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Weightlifting Competition Warm-up Room Etiquette
Greg Everett

While much warm-up room etiquette is no different than in any other area of life, there are a few issues specific to weightlifting, and an apparent need to reiterate even things that may seem obvious.
 
First and foremost, be polite and respectful. Whether you’re a first time competitor or a veteran, there is no better way to establish a bad reputation that will follow you forever in the sport than by being rude and disrespectful to other lifters, coaches or officials. Showing some basic courtesy is not difficult—say your pleases and thank yous and don’t act like anyone knows who you are, should know who you are, or owes you anything.
 
Warm-up rooms can get very crowded and hectic. No one likes this situation any more than you do, so don’t act like you’re the only one put out by it. It’s traditional to reserve a warm-up platform by placing a chair on it—if you see this, respect it. Someone was there before you. If you’re not sure if someone is using a particular platform, ask.
 
On the other hand, if you reserve a platform with a chair or training bag and disappear, don’t be surprised if someone is using the platform when you return. Explain to them the convention and then be gracious about either sharing with them or moving to a different platform. The best course of action with regard to reserving a platform is to post a coach or someone else on it who can be there when someone else wanders over and wants the platform.
 
Another issue with crowded warm-up rooms is that there will very likely be a shortage of equipment—most commonly change plates. You will possibly have to share certain plates with other lifters from other platforms. Never steal weights from another platform—ask. Other lifters and coaches will be more than willing to let you use them as long as you’re polite about it. They’ll also tell you when you can use them without interfering with a lifter’s warm-up timing. Always return borrowed plates as soon as you’re done with them.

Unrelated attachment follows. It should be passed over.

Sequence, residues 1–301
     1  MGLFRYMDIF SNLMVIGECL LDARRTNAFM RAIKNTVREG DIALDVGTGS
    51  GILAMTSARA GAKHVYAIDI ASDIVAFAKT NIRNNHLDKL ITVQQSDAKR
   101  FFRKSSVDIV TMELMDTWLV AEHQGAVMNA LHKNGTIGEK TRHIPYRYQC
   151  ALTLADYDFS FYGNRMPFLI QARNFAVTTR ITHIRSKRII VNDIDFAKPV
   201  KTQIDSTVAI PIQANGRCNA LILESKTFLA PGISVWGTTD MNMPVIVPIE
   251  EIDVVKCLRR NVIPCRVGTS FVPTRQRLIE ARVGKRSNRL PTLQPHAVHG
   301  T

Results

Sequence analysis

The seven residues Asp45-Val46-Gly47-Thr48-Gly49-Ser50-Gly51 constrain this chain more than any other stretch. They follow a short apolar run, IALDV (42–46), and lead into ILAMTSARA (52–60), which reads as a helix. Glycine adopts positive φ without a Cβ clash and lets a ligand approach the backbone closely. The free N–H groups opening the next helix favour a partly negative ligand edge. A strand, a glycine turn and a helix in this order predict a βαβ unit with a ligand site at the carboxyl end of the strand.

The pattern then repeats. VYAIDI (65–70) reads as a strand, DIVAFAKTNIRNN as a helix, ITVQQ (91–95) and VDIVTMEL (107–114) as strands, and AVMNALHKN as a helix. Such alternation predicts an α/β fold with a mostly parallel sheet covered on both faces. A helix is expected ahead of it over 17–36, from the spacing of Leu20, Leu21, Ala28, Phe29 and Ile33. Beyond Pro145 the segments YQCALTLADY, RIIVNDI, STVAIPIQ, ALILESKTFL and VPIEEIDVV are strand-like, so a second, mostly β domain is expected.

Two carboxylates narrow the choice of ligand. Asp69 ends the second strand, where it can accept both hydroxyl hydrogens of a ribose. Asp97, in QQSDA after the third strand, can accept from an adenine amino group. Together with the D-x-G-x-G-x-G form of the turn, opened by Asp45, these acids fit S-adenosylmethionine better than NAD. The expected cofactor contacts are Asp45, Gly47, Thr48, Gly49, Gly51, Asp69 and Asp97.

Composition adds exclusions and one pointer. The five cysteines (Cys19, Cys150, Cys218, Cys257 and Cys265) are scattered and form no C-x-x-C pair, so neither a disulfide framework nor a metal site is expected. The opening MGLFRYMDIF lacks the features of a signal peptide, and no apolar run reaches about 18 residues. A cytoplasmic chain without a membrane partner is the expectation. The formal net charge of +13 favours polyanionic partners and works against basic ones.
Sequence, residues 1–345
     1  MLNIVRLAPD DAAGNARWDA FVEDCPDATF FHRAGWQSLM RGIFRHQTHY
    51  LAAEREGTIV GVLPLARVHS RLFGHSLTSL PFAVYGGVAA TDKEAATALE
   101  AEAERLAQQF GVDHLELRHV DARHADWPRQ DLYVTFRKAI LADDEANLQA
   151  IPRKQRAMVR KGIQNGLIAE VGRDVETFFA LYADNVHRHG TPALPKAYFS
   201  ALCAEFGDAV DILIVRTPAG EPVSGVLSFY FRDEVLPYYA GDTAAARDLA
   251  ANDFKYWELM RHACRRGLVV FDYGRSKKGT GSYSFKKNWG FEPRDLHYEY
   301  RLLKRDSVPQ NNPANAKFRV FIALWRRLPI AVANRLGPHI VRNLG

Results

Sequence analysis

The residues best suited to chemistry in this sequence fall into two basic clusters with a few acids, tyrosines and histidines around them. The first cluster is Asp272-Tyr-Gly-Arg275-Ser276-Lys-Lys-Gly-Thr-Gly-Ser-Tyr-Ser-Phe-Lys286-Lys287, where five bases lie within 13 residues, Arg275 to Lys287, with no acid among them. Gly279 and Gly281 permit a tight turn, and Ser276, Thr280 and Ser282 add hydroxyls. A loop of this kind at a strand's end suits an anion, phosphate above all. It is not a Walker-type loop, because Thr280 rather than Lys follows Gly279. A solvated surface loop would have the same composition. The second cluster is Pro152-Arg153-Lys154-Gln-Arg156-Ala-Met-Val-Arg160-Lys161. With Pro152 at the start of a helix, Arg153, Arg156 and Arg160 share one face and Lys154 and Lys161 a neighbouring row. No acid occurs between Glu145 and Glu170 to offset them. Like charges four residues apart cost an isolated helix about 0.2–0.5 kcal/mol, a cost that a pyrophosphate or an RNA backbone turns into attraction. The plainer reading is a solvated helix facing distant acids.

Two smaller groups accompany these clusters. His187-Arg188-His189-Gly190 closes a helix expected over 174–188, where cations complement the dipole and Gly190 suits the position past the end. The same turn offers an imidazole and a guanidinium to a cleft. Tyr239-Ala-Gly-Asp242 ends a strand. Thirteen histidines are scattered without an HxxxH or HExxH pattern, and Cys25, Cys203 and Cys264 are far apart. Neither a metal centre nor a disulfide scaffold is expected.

On the subject of sharing, it’s inevitable at meets that you’ll have to share a platform with another lifter, and possibly more than one. This is not ideal and can make warming up complicated, but keep in mind that you’re not the only one who doesn’t like it—the other lifters and coaches don’t want to share a platform with you any more than you want to share one with them. Make the best of an unavoidable situation and cooperate to keep everyone’s warm-ups as smooth and timely as possible. Communicate with the other coaches and lifters with regard to timing—if you need to take your next lift before the other lifter, speak up.
 
As in any other training situation, do your best not to walk or stand in front of an athlete who is taking a lift. If it’s obviously a very light weight, don’t worry too much about it, but otherwise, either stop and wait for the lift, or walk behind the platform if you can. Also be sure you’re not standing in the way of a lifter trying to lift, and as much as possible, walk around platforms instead of over them.
 
Similarly, be respectful of the lifters and coaches with regard to noise and general distraction. You or your lifter may not currently be in need of focusing for a lift, but chances are someone else is. Keep your noise to a reasonable level and be aware of what’s going on around you.
 
Don’t bring an entourage into the warm-up room. There is very likely limited space already—your five friends don’t need to be back there with you taking up space and making noise. They can go sit out with the crowd and cheer you on from there.
 
Always leave chairs and sitting space for the lifters. If you’re not lifting, stand up and get out of the way. Don’t steal chairs from other platforms either—just like with equipment, ask first.